II. SPECIFIC TAX FEATURES

As noted on page 1 above, the question at issue is often discussed with special reference to items like (a) upper bracket personal sur-taxes, (b) loss carryover, (c) averaging of income, (d) capital gains taxation, (e) consolidated corporation returns, (f) taxation of dividends, (g) corporation undistributed profits, capital stock or excess profits taxation, (h) depreciation allowances, (i) payroll taxes, and (j) sales and other excise taxes. The following analysis will treat each of these matters in turn, dealing with both the consumption and the investment aspects of the national income problem, but in general covering only such special points as have not been given in Part I above.

(a) UPPER BRACKET PERSONAL SURTAXES. He there is some conflict between tax reform designed to increase immediate consumption and tax reform designed to increase direct investment. The conflict may however be avoided in part by cutting upper-bracket rates and making up the revenue loss, not through increased consumption taxes, but by increases somewhere in the $5,000 -- $10,000 brackets; at these levels, some, at least, of the increased tax may still come out of funds that, on the one hand, would not have been spent on consumption, but, on the other hand, would not likely be available for taking the considerable risks that attach to investment opportunities that are "strategic" from the point of view of the business cycle.

However, it may be doubted that substantial results in increasing investment will be show by thus reducing these upper- bracket taxes (a) unless they are reduced greatly, say to a maximum of 50 per cent of the income in the top bracket, or even less and, more important, (b) until they have been kept at these low levels long enough, possibly five or ten years, to convince investors that they are permanent. Here is the conflict between long-term and short- term policy noted in the preceding section. To undertake any such program would probably necessitate, for the near future, substantially heavier taxation of the kind of income that would otherwise be spent for consumption, and this shift in taxation might easily contribute to depress business conditions over the short term.

(b) LOSS CARRYOVERS. Allowance of loss carryover is one of the cheapest ways, as concerns revenue, of encouraging investment; much of the revenue loss does not occur until the national income increases enough to give profits, and such an increase will augment the tax revenue in other parts of the system. It may be questioned whether entrepreneurs are as deterred as they should be, by the present failure to allow a loss carryover for more than two years, but in theory at least it is a decided barrier to any kind of industry that is sensitive to the business cycle. As concerns the individual tax on corporate investors, the transmutation of corporation profits into dividends tends to average the income somewhat as a carryover device should do. Consequently it is the unincorporatecd concern of a type that is sensitive to cyclical changes or that must undergo an initial period of loss in developing. a new product that would be affected the most.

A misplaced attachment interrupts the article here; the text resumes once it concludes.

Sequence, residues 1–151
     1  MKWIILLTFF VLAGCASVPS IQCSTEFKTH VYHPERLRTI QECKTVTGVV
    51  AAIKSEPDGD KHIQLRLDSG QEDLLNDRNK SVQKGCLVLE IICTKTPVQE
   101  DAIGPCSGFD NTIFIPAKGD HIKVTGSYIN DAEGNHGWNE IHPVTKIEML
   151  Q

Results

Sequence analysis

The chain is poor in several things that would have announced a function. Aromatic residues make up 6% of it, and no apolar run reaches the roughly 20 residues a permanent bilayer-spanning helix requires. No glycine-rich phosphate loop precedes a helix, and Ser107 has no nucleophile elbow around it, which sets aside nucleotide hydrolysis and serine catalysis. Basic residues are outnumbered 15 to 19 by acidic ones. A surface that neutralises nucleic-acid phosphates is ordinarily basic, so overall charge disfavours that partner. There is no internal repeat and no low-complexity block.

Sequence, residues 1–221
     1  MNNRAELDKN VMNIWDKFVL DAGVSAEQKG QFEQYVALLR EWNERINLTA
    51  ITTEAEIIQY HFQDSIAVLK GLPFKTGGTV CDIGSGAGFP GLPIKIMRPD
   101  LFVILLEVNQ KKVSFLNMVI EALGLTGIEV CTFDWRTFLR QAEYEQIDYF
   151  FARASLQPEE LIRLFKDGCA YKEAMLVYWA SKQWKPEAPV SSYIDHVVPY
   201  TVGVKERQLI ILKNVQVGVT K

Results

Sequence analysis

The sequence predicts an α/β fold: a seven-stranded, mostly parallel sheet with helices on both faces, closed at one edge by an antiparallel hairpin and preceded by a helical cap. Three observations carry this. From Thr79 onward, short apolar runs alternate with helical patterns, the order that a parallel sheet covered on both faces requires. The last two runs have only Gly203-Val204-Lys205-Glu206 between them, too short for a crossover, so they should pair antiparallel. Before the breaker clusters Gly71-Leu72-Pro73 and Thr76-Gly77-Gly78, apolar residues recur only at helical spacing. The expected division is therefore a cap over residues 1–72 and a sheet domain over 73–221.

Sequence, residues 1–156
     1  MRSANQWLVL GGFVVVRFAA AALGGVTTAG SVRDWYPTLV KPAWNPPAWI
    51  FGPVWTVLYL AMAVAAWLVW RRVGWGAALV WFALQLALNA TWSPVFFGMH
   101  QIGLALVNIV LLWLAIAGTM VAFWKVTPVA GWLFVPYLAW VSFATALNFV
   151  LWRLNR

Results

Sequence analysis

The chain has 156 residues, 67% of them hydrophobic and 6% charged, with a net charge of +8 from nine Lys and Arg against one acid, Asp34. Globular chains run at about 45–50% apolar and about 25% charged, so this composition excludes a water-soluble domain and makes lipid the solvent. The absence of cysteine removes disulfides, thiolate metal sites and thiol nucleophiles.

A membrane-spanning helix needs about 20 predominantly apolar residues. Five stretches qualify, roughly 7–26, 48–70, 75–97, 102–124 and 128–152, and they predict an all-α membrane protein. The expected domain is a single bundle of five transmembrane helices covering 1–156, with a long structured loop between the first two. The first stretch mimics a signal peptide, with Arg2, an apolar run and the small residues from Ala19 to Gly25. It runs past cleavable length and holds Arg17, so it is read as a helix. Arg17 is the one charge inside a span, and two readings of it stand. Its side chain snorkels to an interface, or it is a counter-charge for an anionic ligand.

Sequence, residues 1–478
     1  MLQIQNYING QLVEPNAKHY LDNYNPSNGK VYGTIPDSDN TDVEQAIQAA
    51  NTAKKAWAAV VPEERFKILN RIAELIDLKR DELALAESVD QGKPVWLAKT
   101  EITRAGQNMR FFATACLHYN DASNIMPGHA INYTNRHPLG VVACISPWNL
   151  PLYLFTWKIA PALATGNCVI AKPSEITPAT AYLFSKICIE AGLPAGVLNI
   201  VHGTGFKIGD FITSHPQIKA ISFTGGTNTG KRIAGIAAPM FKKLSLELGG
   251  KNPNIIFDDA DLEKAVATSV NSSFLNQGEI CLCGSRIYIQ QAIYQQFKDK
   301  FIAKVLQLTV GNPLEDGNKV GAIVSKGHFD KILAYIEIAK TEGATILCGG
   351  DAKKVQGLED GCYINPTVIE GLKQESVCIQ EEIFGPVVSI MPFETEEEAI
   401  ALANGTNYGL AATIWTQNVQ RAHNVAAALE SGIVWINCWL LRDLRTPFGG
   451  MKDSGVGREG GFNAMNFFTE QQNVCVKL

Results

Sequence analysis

The loss carryover has little, if any, direct effect on consumption.

(c) AVERAGING OF INCOME. Averaging of income, considered as a step beyond a loss carryover, undoubtedly increases willingness to work in some special cases, such as prize fighting, moving picture acting, etc., and the Revenue Act of 1939 has been of importance in this respect. The averaging device has still greater potential importance in increasing willingness to invest; here it would serve to put capital gains, especially, into lower rate brackets than if they were simply entered as income at 100 per cent with no averaging (the latter policy which, however, is not now followed except for gains on assets held eighteen months or less).

The averaging device probably has, if anything, a slightly deterrent effect on consumption, since use of it would necessitate a higher rate structure to yield the same revenue, hence a higher tax on regular incomes, which, being in general the smaller incomes, are likely to contain in general a larger consumption element.

(d) CAPITAL GAINS TAXATION. The inclusion of capital gains in the income tax base affects consumption somewhat, since an appreciable part of stock market winnings seems to be spent fairly soon, but the more important effect is on investment. Here much depends on (1) the particular technique used in the taxing of gains and (2) the prospects for change in the law. The present Federal law must have little, if any, effect on investments made for more than two years; the maximum rate applicable to a capital gain from the sale of a share of stock or other capital asset held more than two years is only 15 per cent. In contrast, income from interest, dividends, or salary is taxable at progressive rates that reach a maximum of 79 per cent.

For shorter periods, higher rates apply to capital gains, but these short period gains are probably not of much consequence to the economy at large except in a few cases -- e.g. apartment house building, where the original promoter commonly sells out as soon as the building is completed.